Jon Elvekrog details “four concrete strategies to use social advertising to deepen your brand impact on Twitter” for brands, among them getting your content “in front of connected fans. These Twitter users are active sharers — spreading ideas, offers, and messages among their own followers and people aligned with their interest graph. If you get your paid campaign in front of influencers, they’ll spread your messages for you — and bring them to many more people than you originally targeted.”
Noting that “first impressions matter. So if you’re trying to build a remarkable social media presence, you can bet that the look and feel of your brand pages in social media will make an impression on new visitors who know nothing or little about you,” Pamela Vaughan showcases examples of brand pages that visually capture the reader’s attention including Spotify, Target and Zipcar.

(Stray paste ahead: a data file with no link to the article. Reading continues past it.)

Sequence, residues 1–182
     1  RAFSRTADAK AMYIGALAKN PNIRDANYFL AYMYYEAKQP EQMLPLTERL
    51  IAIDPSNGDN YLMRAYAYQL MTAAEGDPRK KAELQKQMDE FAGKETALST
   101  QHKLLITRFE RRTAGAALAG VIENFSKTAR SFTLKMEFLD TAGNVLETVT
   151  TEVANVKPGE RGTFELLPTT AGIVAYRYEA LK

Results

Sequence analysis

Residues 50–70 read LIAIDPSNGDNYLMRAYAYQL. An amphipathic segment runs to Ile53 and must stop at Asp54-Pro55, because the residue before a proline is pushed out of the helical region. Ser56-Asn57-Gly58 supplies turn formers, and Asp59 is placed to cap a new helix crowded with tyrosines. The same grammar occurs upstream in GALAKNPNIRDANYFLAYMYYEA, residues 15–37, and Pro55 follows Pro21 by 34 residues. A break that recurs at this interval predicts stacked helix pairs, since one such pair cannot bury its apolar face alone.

General Twitter Guides, Tips & Tactics
How To Build Your Professional Twitter Brand by Heidi Cohen
According to research cited by Heidi Cohen, “the most positively received tweets are asking your followers questions, sharing useful information, and letting people know you’ve just created new content…By contrast, the least liked tweets are those that let the world know what you’re doing and broad greetings with no added information.” Among her top 10 tips for building your Twitter brand: dress your Twitter profile for success, offer meaty Twitter content, and give digital shoutouts to colleagues and others.
How To Optimize Twitter: Be Real, Profiles, RT, Hashtags & More by Search Engine Watch
Noting that’s it’s getting tougher to stand out on Twitter now than it was in the less-crowded early days of the platform, Lisa Buyer provides several tips for brands and individuals, such as “keeping it real” (showing personality as well as business content), optimizing your profile (with specific best practices), and using hashtags carefully.
Rocking the A to Z of Twitter and Tweets by Resume Bear
***** 5 STARS